Military Attrition:

Better Data, Coupled With Policy Changes, Could Help the Services Reduce Early Separations

NSIAD-98-213: Published: Sep 15, 1998. Publicly Released: Sep 15, 1998.

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Pursuant to a congressional request, GAO reviewed historical attrition rates for enlisted personnel who serve at least 6 months but leave military service before completing their first contract terms, focusing on: (1) the rate and timing of attrition during enlistees' first terms; (2) the extent of the Department of Defense's (DOD) investment in recruiting and training first-term enlistees; (3) reasons for first-term attrition after training; (4) service members' perceptions of quality-of-life factors that contribute to attrition; and (5) actions DOD and the armed services are taking to reduce enlistees' attrition.

GAO noted that: (1) first-term attrition has been a long-standing and complex problem for the services; (2) while all four services are concerned about attrition, they have made few formal policy changes aimed at reducing attrition in specific target populations; (3) although the services collect survey data to assess attitudes about military service and quality of life, they do not use this data to analyze why separations are occurring or to formulate policy changes or actions aimed at reducing early attrition; (4) between fiscal year (FY) 1982 through FY 1993, 31.7 percent of all enlistees did not complete their first terms of service; (5) for Army, Navy, and Air Force enlistees who entered the services in FY 1993, attrition rates were higher than they had been in over a decade; (6) DOD's data on attrition does not include all enlistees allowed to separate early from the military; (7) using the FY 1993 cost estimates, GAO calculates that the services spent $1.3 billion on the 72,670 enlistees who entered the services in FY 1993 and departed prematurely; (8) because these enlistees were separated early, the services did not get a full return on their investment; (9) official reasons for the separation of enlistees who entered the services in FY 1993 varied by gender and service; (10) variances in the types of separations among the services indicate that the services interpret separation codes differently, that their separation policies differ, that the services have very different attrition problems, or some combination of these explanations; (11) in its 1997 report on attrition from basic training, GAO recommended ways for DOD to improve the use of these separation codes to build a more complete database on reasons for servicewide attrition; (12) GAO's recommendations have been incorporated into the National Defense Authorization Act for FY 1998, and DOD has begun to comply with these legislative requirements; (13) all four services are concerned about attrition, and the Army and the Air Force have set numerical targets for reducing it; (14) GAO found that the services did not always have adequate data on the exact reasons for separation; (15) without such data and formal policy changes, numerical targets will be arbitrary, and success in reducing attrition may either be coincidental or result in the failure to discharge enlistees who really should be separated; and (16) allowing many enlistees to easily separate with honorable discharges may inadvertently serve as a disincentive for them to persevere.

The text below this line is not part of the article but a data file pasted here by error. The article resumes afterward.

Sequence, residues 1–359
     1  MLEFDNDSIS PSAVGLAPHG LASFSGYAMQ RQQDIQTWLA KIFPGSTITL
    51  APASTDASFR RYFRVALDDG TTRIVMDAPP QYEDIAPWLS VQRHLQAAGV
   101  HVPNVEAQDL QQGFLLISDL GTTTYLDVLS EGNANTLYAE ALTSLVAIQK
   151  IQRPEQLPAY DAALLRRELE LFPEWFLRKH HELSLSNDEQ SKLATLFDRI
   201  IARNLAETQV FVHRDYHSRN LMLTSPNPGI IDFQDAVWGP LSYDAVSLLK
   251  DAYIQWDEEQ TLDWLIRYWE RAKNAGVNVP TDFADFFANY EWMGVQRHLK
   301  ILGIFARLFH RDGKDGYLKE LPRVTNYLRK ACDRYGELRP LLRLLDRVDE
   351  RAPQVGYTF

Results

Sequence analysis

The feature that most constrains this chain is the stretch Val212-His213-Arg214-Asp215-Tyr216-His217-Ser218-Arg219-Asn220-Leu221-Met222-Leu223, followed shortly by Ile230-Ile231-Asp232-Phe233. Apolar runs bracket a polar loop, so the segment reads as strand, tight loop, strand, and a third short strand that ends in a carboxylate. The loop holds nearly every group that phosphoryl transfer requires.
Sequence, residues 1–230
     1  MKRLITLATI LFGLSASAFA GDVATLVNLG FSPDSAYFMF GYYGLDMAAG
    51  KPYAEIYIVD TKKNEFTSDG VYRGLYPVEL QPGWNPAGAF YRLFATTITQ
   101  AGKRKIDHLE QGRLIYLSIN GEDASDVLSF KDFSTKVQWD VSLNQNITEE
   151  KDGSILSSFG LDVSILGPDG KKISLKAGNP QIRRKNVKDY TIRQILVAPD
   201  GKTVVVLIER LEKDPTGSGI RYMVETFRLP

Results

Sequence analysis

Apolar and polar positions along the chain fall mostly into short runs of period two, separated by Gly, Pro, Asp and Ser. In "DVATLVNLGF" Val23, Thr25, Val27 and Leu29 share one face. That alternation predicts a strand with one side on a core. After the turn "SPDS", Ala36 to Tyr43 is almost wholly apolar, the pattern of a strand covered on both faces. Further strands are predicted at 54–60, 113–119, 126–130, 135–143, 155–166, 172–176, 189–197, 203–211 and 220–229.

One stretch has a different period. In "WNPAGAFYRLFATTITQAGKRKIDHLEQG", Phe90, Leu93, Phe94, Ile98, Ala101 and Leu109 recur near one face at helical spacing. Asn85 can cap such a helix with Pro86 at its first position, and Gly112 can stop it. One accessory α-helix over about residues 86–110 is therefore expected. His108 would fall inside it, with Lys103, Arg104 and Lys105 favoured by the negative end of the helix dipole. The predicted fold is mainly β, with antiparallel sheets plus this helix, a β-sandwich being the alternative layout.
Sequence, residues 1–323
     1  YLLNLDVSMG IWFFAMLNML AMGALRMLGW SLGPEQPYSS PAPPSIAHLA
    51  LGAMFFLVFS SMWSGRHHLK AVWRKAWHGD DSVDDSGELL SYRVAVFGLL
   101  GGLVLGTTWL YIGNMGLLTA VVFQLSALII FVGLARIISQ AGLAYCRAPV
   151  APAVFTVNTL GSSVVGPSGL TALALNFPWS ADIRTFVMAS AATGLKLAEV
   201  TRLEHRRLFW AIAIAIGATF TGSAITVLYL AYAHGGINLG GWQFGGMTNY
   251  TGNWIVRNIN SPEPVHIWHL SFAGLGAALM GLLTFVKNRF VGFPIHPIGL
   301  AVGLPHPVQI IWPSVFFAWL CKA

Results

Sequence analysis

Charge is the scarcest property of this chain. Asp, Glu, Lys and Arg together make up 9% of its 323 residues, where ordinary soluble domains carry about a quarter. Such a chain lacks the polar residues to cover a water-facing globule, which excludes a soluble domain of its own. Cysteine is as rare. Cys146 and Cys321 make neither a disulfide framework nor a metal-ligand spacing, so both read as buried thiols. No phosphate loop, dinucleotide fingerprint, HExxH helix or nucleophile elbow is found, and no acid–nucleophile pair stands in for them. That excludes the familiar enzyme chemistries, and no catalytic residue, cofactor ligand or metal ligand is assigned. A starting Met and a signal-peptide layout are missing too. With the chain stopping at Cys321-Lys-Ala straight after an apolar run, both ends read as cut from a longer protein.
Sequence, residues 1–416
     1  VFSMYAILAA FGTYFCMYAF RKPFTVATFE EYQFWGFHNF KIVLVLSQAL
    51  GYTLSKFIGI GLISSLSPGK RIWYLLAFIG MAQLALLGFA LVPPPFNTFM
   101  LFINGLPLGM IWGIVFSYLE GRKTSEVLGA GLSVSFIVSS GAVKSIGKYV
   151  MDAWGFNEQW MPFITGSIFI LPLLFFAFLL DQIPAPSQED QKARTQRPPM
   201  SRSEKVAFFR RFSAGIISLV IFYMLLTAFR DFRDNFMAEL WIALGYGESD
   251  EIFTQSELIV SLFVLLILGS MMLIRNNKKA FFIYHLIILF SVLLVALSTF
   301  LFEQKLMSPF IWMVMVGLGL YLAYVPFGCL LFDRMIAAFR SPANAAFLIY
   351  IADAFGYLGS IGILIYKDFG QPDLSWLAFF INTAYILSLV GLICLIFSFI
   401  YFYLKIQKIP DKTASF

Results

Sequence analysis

Recommendations for Executive Action

  1. Status: Closed - Implemented

    Comments: All four services have introduced new programs aimed at retaining enlistees who might earlier have been summarily discharged. For example, the Navy has instituted six remedial programs targeting enlistees in basic training. It also plans to provide more remedial attention to enlistees in the fleet who are having minor disciplinary problems and experiencing hardships. The Marine Corps has begun new programs in basic training to target persons threatening suicide and suffering physical problems such as lower extremity injuries. Fort Jackson, the Army's largest basic training site, has developed programs designed to remediate enlistees experiencing problems with injuries and with adjustment, language, physical fitness, behavioral, and academic problems. After training, the Army plans to target enlistees who have previously been separated for desertion or minor disciplinary problems. Finally, the Air Force has begun to target for special attention persons in basic training who suffer physical injuries and psychological problems and enlistees who make false declarations of homosexuality. After training, the Air Force is providing remedial attention to enlistees with minor disciplinary problems.

    Recommendation: To retain as many first-term enlistees as possible, the Secretary of Defense should direct the service secretaries to collect more complete data on specific groups of enlistees whom the services wish to target for remedial action and issue guidance and formal policy changes to local commanders indicating what specific actions--such as more counseling, optional testing, further job choices, or remedial training--can be taken to prevent the early discharge of these targeted groups. Possibilities for targeting include enlistees being separated for minor disciplinary infractions, failure to pass physical fitness tests and career development tests, one-time drug use, and pregnancy.